Fabled land of lakes and volcanoes, Nicaragua also lays claim to vibrant colonial cities, deserted beaches and wildlife-rich rainforests. It’s Costa Rica, without the crowds – for now, at least. The largest country in Central America, Nicaragua is also the safest and one of the cheapest. That visitor numbers are increasing should come as no surprise.

What Nicaragua lacks in standout cultural attractions it compensates for with natural beauty. Its reefs and rainforests are hotbeds of biodiversity and teem with jaguars, monkeys and myriad bird species (though how this idyll will look after the Nicaragua Grand Canal has been built remains to be seen).

The country’s wild landscapes are fertile ground for thrill-seekers. Visitors can go hiking, biking, kayaking and wild swimming in the country’s iconic crater lakes. They can ride some of the world’s biggest waves, speed along zip-lines above the jungle or scuba dive along shelves of iridescent coral. Too much like hard work? Then kick back on the twin peaks of Ometepe Island, overlooking the shimmering Lake Nicaragua, or catch a boat into the Indío Maiz Biological Reserve, the largest area of virgin rainforest north of the Amazon.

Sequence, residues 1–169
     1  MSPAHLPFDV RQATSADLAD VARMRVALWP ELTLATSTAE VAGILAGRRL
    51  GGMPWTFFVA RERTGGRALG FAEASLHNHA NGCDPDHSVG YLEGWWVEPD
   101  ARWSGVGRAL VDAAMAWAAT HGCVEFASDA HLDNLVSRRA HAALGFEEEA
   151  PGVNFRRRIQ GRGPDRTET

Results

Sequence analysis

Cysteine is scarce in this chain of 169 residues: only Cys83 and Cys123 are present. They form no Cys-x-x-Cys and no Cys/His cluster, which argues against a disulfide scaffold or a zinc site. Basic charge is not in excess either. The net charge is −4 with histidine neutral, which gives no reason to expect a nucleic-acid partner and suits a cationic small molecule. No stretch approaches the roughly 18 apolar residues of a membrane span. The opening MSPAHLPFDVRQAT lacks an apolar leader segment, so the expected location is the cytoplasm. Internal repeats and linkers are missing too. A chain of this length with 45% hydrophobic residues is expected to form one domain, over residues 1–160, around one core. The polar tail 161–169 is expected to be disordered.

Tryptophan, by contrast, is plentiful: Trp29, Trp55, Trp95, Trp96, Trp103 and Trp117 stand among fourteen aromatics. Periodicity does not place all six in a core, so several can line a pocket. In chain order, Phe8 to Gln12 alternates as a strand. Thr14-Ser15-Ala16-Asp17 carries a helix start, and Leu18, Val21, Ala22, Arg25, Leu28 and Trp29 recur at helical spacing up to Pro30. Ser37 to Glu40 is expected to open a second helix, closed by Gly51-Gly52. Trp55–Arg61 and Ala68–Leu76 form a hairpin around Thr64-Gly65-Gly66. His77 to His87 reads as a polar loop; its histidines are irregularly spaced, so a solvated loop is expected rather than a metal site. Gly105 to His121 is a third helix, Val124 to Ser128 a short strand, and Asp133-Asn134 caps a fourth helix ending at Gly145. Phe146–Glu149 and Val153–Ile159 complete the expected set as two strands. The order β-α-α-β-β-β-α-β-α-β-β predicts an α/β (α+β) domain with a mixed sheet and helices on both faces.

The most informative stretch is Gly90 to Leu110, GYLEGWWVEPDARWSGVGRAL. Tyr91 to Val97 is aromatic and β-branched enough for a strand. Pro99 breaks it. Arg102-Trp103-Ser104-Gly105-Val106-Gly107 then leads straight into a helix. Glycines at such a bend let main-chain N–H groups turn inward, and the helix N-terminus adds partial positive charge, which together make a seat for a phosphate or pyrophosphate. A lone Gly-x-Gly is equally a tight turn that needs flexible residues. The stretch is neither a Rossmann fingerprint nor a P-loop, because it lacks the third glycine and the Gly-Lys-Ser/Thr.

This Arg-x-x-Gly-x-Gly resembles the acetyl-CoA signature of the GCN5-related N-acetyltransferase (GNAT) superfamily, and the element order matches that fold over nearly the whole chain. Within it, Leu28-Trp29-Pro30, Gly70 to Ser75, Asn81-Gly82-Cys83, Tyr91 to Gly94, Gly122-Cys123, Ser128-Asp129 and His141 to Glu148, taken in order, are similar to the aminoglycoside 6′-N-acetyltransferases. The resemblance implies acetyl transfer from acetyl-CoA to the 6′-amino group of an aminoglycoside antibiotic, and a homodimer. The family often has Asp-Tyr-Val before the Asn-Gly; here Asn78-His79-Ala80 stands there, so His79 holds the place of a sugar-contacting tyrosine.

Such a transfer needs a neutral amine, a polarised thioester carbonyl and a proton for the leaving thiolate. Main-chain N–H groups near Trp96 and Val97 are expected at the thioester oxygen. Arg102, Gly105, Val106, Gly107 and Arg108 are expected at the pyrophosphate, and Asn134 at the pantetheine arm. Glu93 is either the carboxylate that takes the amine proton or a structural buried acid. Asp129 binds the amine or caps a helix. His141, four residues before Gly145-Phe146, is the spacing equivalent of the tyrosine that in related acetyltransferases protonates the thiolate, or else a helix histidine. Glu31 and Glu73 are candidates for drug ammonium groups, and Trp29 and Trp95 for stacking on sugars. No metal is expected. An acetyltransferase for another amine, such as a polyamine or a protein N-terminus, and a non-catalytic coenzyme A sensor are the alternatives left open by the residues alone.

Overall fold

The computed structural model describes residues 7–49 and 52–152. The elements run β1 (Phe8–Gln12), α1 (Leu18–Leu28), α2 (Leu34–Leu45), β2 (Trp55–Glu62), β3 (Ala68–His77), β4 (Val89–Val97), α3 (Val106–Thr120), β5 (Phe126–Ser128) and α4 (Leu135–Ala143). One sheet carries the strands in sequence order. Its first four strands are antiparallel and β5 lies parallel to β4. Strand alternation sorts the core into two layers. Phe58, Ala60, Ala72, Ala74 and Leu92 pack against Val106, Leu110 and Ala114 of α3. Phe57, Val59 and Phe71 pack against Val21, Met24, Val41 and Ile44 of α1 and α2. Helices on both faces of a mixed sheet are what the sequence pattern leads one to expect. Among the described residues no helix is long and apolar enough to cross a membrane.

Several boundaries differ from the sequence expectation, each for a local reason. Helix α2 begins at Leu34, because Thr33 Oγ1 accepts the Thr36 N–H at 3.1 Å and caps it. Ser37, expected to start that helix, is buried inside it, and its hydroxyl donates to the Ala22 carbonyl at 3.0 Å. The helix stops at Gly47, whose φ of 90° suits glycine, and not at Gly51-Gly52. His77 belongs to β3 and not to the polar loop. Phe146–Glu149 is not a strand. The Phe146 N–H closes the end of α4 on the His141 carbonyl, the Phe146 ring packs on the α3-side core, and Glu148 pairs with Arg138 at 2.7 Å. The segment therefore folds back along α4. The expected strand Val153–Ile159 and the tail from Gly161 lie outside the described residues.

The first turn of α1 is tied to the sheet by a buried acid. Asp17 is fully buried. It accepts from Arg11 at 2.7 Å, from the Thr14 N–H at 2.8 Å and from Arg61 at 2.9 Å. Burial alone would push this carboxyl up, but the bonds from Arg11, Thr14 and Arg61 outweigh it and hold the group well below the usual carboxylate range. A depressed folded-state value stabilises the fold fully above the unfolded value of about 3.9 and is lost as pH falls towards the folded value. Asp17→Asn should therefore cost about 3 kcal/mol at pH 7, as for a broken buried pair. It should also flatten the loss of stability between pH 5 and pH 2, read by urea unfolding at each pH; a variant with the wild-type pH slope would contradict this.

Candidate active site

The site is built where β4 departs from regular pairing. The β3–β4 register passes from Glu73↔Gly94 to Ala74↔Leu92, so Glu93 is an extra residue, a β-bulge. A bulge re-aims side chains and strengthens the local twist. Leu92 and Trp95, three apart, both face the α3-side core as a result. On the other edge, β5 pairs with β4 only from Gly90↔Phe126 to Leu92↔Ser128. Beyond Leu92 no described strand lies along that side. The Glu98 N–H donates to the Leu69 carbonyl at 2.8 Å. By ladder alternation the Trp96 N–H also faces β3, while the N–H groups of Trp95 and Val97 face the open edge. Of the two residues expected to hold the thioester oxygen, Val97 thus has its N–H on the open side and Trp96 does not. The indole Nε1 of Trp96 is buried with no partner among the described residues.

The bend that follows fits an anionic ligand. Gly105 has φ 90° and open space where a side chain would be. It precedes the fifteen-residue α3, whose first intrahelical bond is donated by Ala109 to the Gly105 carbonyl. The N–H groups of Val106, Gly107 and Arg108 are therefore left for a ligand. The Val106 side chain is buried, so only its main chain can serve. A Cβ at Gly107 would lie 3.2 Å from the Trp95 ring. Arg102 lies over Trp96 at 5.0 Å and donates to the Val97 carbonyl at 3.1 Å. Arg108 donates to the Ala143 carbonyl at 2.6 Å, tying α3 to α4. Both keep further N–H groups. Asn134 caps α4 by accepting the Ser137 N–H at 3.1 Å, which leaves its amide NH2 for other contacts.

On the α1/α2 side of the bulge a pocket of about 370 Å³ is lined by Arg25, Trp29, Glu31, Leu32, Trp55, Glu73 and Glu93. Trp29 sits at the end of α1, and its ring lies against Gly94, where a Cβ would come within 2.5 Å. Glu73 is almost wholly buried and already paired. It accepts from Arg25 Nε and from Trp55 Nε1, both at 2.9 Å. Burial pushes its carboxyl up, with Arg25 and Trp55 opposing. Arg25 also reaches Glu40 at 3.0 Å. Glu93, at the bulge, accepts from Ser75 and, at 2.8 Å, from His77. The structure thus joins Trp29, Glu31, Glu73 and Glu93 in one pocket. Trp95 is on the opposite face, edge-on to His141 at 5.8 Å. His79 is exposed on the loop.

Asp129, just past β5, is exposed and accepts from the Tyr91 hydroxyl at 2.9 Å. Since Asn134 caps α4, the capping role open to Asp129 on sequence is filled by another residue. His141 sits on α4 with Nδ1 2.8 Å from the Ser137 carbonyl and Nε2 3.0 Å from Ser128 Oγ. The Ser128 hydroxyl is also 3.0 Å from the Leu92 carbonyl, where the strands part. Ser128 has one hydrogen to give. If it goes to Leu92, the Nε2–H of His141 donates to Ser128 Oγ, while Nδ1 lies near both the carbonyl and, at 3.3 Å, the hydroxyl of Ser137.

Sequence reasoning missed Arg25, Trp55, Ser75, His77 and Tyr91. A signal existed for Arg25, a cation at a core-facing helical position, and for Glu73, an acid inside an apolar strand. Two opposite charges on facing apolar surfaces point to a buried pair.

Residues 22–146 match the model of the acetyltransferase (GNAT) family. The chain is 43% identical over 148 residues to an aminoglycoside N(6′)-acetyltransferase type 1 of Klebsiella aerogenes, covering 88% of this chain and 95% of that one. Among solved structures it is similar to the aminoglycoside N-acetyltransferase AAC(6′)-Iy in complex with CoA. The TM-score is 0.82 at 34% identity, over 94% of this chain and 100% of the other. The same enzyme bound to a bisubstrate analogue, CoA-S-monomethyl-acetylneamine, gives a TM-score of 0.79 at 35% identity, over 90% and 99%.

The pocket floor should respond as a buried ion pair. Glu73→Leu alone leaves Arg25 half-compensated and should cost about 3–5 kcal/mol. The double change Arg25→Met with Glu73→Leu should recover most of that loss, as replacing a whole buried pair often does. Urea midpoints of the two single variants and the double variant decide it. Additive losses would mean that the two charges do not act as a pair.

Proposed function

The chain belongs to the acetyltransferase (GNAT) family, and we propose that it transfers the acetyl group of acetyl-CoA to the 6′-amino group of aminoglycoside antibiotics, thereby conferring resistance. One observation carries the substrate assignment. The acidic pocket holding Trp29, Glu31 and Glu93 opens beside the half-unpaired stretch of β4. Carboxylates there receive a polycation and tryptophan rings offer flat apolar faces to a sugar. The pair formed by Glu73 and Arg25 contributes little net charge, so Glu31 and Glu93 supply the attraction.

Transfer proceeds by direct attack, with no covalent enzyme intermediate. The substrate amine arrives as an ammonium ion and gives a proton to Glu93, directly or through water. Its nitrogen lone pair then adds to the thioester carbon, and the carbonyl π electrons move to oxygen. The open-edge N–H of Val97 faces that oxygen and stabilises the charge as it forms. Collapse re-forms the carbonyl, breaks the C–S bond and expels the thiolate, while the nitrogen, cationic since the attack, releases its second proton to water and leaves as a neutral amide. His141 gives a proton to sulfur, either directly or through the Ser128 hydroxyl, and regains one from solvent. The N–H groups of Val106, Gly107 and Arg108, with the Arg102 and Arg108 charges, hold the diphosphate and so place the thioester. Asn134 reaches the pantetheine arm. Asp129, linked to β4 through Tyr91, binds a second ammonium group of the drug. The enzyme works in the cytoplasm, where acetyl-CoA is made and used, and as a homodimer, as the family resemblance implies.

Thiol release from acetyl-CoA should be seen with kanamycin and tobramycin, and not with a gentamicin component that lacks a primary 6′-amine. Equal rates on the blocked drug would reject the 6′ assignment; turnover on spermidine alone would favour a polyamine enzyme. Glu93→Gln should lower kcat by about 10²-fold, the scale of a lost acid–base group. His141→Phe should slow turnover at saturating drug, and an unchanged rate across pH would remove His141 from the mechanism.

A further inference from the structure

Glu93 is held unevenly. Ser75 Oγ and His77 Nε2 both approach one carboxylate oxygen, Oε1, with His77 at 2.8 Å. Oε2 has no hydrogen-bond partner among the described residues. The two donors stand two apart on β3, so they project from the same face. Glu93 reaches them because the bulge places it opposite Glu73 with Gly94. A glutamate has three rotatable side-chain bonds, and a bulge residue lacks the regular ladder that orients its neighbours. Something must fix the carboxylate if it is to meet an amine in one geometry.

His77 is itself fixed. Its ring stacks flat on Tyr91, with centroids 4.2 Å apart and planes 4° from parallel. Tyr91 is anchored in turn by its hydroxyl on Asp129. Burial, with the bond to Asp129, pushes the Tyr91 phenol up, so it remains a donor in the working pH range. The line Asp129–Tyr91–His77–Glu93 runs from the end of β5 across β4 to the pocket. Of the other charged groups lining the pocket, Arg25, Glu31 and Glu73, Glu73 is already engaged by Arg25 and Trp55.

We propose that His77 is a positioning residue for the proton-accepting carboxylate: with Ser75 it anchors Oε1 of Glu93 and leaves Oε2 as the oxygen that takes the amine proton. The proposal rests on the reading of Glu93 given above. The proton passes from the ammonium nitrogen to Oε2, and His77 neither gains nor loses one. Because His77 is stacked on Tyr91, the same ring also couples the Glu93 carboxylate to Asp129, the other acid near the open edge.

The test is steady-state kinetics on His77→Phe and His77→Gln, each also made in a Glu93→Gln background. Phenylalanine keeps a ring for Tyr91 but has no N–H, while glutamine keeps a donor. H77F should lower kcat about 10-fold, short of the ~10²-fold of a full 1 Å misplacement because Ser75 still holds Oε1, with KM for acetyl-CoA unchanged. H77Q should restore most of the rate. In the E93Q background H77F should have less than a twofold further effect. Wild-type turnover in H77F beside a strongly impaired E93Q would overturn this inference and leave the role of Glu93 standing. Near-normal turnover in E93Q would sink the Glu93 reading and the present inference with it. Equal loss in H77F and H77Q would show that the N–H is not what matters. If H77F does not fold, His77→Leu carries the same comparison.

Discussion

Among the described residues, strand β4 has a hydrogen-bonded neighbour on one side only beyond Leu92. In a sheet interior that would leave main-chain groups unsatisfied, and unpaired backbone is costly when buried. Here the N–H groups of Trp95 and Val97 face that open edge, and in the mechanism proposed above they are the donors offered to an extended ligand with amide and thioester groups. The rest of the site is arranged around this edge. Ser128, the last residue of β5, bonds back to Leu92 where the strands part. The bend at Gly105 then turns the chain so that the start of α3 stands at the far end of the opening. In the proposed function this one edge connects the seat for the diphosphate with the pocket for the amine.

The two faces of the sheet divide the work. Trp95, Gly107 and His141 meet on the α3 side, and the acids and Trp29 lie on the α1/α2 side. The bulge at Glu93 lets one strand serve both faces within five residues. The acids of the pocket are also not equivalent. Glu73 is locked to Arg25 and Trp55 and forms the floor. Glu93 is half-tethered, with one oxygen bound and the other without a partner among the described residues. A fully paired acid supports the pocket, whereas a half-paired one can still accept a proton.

Those hankering for the city life should head to León or Granada, two of Central America’s pretties colonial cities. They’re hubs for travellers and gateways to nearby attractions. From León you can climb the Maribios volcanic chain, snowboard down the slopes of still-rumbling Cerro Negro or pick coffee beans in the temperate northern highlands. Granada, meanwhile, is the ideal base to explore Masaya’s volcanic park, zip-line over Mombacho’s cloud forest and take a cooling swim in Laguna de Apoyo.

Surfers head for San Juan del Sur in search of the perfect wave – they often find it – and to imbibe its buzzing party scene. Others abscond to the Corn Islands, an archipelago that has everything you’d expect from the Caribbean, minus the sky-high prices. So grab a beer and join the party – it’s only just begun.


130,370 sq km (50,336 sq miles).


6,150,035 (UN estimate 2016).

Population density:

45.3 per sq km.





Head of state:

President Daniel Ortega since 2007.

Head of government:

President Daniel Ortega since 2007.


120 volts AC, 60Hz. North American-style plugs with two flat pins are used; not all sockets have space for a grounding pin however.